Simmer Down


In today’s world it is rare anyone gets a moment to quiet their minds. Work struggles, family struggles, “oh-my-gosh-it’s-the-holiday” struggles seem to vie for space in our heads. Merely entertaining these thoughts can be enough to wear you out.

Yet we want to think about our problems. We think we need to.

As Scott Aaron Gaul, of the QuietMindCafe.com says, “Stress is automatic but relaxation is learned.”

This is because at the root of our stress is fear. You don’t need to tell yourself to worry about imminent doom. That is automatic. The primal part of the brain that is responsible for worrying, doesn’t know the difference between imminent doom and frustration or exasperation. So it responds the same way in either case. It takes higher brain functions to reason and respond.

Myrko Thum tells us in his blog, awakeblogger.com ;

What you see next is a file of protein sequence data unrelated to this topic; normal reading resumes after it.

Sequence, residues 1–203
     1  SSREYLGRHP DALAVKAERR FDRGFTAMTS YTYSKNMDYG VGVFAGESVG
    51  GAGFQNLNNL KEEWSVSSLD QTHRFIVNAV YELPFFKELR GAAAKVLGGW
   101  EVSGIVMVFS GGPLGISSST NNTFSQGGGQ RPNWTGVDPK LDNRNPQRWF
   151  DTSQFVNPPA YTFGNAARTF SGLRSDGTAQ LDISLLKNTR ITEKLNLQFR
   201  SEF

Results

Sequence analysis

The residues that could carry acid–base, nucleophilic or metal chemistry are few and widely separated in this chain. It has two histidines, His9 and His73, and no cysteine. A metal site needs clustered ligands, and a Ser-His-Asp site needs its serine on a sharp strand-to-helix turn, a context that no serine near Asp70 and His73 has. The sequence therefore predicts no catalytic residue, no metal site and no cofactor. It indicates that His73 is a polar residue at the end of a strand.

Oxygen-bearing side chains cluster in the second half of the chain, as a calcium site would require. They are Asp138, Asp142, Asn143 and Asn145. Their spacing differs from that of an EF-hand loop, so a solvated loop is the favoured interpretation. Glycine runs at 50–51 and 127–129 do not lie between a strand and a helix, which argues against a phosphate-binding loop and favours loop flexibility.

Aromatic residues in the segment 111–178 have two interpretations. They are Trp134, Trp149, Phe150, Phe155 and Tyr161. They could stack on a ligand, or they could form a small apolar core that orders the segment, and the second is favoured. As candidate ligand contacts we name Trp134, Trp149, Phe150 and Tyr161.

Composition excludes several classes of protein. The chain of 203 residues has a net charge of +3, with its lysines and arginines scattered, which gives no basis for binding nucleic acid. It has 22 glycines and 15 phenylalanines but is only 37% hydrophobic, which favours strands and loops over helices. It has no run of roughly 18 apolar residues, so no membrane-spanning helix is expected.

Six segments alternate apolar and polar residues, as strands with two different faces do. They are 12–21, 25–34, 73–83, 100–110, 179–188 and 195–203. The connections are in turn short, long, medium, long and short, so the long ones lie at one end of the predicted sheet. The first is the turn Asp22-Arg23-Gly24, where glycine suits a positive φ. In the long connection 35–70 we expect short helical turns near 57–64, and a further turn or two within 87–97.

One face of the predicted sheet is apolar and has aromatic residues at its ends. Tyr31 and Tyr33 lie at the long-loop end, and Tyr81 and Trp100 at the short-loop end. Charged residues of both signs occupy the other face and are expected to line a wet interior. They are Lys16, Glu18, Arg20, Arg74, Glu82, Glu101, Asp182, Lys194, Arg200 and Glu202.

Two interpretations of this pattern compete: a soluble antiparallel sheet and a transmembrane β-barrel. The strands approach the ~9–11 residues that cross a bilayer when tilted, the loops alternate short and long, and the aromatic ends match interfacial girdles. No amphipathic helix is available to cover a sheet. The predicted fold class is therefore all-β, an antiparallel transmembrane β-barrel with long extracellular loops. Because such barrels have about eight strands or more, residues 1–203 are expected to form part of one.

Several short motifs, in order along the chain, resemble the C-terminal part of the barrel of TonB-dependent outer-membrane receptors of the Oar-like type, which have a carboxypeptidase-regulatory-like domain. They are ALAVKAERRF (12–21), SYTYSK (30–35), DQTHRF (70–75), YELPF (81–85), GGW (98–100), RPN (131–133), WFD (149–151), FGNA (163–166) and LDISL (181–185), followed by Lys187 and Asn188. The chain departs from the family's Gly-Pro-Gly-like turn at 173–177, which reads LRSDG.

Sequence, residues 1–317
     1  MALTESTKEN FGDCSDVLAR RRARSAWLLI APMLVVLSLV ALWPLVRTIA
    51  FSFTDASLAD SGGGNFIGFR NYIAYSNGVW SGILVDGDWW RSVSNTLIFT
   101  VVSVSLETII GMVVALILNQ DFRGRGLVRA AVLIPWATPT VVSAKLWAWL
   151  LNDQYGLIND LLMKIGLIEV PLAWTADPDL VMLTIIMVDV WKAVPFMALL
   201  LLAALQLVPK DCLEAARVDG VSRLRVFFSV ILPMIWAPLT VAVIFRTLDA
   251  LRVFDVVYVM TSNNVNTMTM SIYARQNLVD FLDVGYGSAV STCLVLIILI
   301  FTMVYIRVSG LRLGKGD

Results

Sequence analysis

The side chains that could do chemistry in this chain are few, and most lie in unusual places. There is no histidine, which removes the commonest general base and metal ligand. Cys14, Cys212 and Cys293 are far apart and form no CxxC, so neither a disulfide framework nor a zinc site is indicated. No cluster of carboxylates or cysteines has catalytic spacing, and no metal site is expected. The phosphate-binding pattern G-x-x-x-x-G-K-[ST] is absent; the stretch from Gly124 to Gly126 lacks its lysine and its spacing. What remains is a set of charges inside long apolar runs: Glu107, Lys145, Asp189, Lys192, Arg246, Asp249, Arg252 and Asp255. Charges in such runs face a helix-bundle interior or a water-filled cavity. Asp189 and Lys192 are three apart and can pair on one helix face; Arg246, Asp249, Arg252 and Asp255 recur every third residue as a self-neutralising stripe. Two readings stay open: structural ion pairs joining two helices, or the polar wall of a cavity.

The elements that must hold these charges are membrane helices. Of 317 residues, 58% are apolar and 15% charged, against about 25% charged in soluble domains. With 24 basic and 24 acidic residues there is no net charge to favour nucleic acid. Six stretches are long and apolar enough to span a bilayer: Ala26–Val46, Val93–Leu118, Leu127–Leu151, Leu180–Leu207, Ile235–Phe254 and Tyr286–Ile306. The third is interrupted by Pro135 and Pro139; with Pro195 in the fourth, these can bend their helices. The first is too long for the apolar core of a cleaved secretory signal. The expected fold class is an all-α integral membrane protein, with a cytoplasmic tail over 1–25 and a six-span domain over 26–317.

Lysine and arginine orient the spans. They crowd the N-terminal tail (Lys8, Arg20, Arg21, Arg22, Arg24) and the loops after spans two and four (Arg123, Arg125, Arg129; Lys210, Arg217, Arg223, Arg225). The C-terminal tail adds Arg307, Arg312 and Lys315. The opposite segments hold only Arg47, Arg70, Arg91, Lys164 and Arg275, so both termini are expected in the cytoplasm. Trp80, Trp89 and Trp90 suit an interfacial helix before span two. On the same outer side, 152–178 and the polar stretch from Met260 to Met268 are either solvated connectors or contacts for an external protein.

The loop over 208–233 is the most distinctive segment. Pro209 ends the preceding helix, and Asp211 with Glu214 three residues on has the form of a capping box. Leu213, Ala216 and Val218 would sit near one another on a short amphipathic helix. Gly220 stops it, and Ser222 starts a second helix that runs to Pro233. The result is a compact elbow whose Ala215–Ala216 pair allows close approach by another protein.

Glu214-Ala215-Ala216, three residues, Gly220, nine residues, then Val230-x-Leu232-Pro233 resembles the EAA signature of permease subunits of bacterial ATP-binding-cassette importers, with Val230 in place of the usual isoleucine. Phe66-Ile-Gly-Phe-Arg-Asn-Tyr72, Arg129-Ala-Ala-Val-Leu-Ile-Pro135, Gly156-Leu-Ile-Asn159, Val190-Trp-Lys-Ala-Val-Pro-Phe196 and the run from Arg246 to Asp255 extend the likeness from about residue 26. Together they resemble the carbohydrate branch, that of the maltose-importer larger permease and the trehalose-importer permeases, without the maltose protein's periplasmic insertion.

The mind is busy

According to Eastern spirituality, the mind is always attempting to seek pleasure and avoid pain. The mind is never at rest because this attraction and avoidance causes an unending string of thoughts. For some people, most of the thoughts are not satisfying and this lack of satisfaction causes fear and stress. The mind will never find rest through achieving more, it will only find rest through slowing and becoming quiet.

When we pause for a moment, and take a mental break from the situation, we better able to “reframe” situations as solutions and actions rather than dangers and threats.

c. 2010


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